From the moment we emerge into the world, people begin speaking about us, and for us. Eventually we get to a place where we can take over the storytelling, yet despite this independence we can (with some digging, some gentle brushing away of the dusty layers covering what’s hidden) feel the vestiges and remnants of all the said things about us (for us, to us) when we talk about ourselves. Those underlying architectures inform our own sense of self (our innate value, or lack thereof; our potential for doing great things, or lack thereof); they quietly (often invisibly) permeate our interactions with others and serve as a filter for how we experience the world.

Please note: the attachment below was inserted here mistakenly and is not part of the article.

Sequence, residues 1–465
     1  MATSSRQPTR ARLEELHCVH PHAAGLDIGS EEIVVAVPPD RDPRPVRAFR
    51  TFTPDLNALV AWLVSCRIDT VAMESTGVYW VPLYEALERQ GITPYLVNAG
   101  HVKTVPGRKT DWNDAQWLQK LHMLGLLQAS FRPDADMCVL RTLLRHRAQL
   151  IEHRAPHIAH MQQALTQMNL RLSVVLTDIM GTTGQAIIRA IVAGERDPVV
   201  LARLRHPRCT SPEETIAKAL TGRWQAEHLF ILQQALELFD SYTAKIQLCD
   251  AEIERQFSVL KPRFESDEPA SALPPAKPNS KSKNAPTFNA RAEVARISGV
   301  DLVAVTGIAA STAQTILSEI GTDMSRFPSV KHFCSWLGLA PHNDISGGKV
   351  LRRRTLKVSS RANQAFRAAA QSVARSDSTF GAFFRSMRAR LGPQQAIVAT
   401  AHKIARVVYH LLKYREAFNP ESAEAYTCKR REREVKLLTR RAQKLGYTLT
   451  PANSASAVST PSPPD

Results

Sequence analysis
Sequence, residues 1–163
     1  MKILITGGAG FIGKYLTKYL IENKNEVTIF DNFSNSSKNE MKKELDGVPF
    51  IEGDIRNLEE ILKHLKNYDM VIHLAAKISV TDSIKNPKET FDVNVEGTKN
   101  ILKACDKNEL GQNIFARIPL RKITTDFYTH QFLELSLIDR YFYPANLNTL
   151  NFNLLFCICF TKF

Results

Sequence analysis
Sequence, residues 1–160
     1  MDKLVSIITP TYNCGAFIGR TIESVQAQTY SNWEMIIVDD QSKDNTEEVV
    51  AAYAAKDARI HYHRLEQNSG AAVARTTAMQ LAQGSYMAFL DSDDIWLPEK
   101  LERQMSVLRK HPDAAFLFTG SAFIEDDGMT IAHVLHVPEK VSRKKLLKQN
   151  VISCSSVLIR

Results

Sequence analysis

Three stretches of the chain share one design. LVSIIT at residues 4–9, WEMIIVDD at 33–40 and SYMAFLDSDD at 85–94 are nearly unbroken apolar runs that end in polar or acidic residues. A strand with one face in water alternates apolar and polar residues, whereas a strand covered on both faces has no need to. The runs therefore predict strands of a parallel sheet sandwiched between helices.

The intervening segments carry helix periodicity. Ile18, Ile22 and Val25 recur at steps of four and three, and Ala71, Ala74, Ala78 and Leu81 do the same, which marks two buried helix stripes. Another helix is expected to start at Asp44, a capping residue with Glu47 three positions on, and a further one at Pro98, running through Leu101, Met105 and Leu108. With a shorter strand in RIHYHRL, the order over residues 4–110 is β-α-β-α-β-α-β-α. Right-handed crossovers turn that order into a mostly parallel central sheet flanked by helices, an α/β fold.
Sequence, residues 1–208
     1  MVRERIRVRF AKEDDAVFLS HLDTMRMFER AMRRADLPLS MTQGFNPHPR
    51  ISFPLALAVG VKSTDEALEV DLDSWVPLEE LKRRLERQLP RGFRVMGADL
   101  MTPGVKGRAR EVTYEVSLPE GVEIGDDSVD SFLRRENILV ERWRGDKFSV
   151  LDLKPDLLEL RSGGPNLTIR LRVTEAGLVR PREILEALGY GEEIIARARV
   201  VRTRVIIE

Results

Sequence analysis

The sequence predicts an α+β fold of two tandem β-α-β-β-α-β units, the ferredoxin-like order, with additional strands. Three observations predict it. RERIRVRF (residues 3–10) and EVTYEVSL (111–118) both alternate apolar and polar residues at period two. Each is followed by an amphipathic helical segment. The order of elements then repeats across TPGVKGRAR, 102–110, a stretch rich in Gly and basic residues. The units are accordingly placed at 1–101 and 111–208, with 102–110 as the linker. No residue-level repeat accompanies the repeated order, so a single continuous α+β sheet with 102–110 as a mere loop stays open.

We enter formal schooling as small children, and leave as (young, still forming/fomenting) adults. Problematically, many of the ways that the people and apparatus of education speak and relate to students remain consistent throughout those 13 years; students receiving direction, input, guidance, feedback, critique, consequences, rewards, recognitions – yet, conversely, students rarely having the opportunity to give feedback of their own (why open Pandora’s Box?) or to provide direction to teachers and school leaders. Children follow set pathways from birth, yet often I notice how we as adults perseverate on the moments they don’t – and on the relatively few young individuals who do not comfortably conform to the many limits and boundaries our structures (and attitudes) impose.
Was Socrates perhaps being a bit tongue-in-cheek?